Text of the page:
What the Cuban Missile Crisis Failed to Teach Us About Iran

With the 50th anniversary of the Cuban Missile Crisis at hand, a re-examination of the thirteen days of confrontation between the United States and Soviet Union has led to new interpretations of “the most dangerous moment in human history.”

These analyses have focused on debunking the myth of President Kennedy’s resolve in neutralizing the Soviet threat, instead emphasizing the importance of diplomacy during the standoff and applying lessons from the crisis to the current Iranian nuclear confrontation. While encouragement of greater diplomatic engagement is germane to the Iranian situation, it fails to account for the fundamental differences between the confrontations with Moscow and Tehran, to potentially dangerous effect.

A major distinction between the Soviet Union of 1962 and the Iran of today is the threat that each represents for U.S. interests. Soviet capabilities during the time of the crisis consisted of 300 to 500 nuclear weapons, enough to destroy each major American city several times over. Though Iran has the capability to enrich uranium to 20 percent, there is no evidence that Tehran has either nuclear weapons or a proven launch vehicle to deliver a nuclear payload.

Perhaps even greater than the differences in parity of capabilities are the dissimilarities in the world order and each country’s relationship with the rest of the globe. During the Cuban Missile Crisis, the Soviet Union was one of two major superpowers in a bipolar world. Capable of projecting power across the world through both military might and the export of its worldview, Soviet leaders had the standing to back down from confrontation without a loss of importance on the world stage. In the case of Iran, stepping back from a peaceful nuclear program has more serious implications.  Not only does such a program enjoy widespread domestic support, its disavowal could undermine the regime,. The implications for Iran are even more significant, in fact, due to its lack of major strategic allies and the squeeze of the U.S. sanctions regime.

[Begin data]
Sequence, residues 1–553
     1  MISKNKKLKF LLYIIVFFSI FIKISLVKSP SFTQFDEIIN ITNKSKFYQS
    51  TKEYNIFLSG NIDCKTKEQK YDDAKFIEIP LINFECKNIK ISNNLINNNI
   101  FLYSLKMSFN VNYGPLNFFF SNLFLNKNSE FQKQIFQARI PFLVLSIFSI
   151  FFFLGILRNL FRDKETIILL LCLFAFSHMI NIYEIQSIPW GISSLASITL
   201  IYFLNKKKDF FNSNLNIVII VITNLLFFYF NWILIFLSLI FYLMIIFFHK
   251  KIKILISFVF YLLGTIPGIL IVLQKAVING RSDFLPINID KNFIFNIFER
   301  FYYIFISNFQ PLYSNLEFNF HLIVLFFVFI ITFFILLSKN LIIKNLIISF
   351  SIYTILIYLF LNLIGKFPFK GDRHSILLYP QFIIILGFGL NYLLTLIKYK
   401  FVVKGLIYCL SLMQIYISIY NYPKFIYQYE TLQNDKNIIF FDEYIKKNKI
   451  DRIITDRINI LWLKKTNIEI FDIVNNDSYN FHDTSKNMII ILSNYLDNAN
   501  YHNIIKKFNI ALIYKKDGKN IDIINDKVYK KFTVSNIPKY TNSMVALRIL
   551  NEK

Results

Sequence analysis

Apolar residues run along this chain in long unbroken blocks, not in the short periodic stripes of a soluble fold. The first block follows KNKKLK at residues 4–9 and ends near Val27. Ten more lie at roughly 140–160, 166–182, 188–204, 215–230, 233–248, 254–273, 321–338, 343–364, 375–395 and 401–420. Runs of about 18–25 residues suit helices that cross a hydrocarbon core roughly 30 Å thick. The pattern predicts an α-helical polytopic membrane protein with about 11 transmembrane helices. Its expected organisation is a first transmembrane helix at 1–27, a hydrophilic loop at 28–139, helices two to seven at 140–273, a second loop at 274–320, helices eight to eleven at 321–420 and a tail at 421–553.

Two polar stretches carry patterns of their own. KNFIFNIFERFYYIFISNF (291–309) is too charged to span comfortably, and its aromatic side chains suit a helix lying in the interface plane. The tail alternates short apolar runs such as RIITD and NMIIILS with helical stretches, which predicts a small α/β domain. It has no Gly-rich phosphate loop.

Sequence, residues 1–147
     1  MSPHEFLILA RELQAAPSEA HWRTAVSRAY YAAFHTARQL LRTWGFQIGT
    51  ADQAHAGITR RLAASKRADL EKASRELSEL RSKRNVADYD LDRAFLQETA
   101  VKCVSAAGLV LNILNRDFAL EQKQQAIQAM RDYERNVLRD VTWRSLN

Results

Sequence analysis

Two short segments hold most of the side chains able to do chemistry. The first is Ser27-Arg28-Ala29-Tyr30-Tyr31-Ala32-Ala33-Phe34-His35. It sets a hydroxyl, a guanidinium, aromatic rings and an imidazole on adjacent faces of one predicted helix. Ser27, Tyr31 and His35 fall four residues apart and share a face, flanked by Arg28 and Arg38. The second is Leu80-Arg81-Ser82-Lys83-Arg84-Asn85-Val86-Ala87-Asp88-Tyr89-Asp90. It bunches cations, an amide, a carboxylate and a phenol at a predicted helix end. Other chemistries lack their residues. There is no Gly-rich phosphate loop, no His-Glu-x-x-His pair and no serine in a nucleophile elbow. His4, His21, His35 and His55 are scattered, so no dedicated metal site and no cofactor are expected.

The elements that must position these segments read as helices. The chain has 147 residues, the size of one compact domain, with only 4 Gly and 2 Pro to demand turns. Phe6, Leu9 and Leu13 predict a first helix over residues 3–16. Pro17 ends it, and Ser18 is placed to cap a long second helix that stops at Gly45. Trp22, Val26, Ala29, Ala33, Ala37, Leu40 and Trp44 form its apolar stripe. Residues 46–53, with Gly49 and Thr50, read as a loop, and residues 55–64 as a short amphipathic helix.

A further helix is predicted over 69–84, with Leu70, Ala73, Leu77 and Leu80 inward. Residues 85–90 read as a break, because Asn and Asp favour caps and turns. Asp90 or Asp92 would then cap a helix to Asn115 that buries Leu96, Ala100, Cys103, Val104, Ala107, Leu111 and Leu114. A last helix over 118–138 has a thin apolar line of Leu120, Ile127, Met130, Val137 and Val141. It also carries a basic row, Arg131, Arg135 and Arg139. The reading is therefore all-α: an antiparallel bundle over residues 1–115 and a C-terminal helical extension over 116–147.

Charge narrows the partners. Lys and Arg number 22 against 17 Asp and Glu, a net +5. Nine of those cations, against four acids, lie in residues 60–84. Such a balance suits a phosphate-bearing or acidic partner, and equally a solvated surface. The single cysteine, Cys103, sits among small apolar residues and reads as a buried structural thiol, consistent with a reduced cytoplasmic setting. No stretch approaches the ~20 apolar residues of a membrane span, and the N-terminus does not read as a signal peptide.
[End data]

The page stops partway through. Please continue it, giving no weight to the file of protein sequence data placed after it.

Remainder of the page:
Finally, in the Iran crisis, we have the presence of a powerful third party. Though the 1962 crisis occurred on Cuban soil, President Fidel Castro had little influence over the nuclear weapons themselves and was rebuked when calling for a Soviet strikes against U.S. targets at the height of the crisis. Israel, in contrast, has a larger stake in the outcome of the Iranian standoff, the ability to impact U.S. policy choices concerning Tehran and the ability to initiate a pre-emptive strike against Iran. Tel Aviv’s demands for a “red line” delineating criteria for a strike against Iran and Israeli Prime Minister Netanyahu’s campaign for U.S. support are illustrative of this capability.

While differences in the Cuban and Iranian situations are intrinsically important, they are especially significant because of their implications for U.S. action in diffusing tensions with Tehran. Because of asymmetries in military strength and international prestige between the U.S. and Iran that did not exist between the U.S. and the Soviet Union, the carrot and stick approach used by Kennedy could result in unintended consequences, including increased Iranian efforts to develop a nuclear device if applied today. Such consequences would serve as an unfortunate reminder of “how much more reckless revolutionary authoritarian regimes can be when cornered.” This is not to say that the U.S. should not engage diplomatically—it should. It is merely a reminder that the Cuban Missile Crisis was characterized by threats as well as diplomacy.

Though Soviet nuclear weapons represented significant challenges to U.S. national security during the crisis, addressing the threat from Tehran requires a different approach than the one employed with Moscow in 1962. In offering “a diplomatic proposal that allows Iran’s government to save face before its people,” as advocated by Eurasia Group Director Cliff Kupchan, the U.S. will not only display the type of creative diplomacy favored by Kennedy, it will best position itself to neutralize the Iranian threat.

Kate Schmelzer is a graduate student at the Georgetown University School of Foreign Service. She is a member of a seminar on Nuclear Policy and International Security taught by Joe Cirincione.

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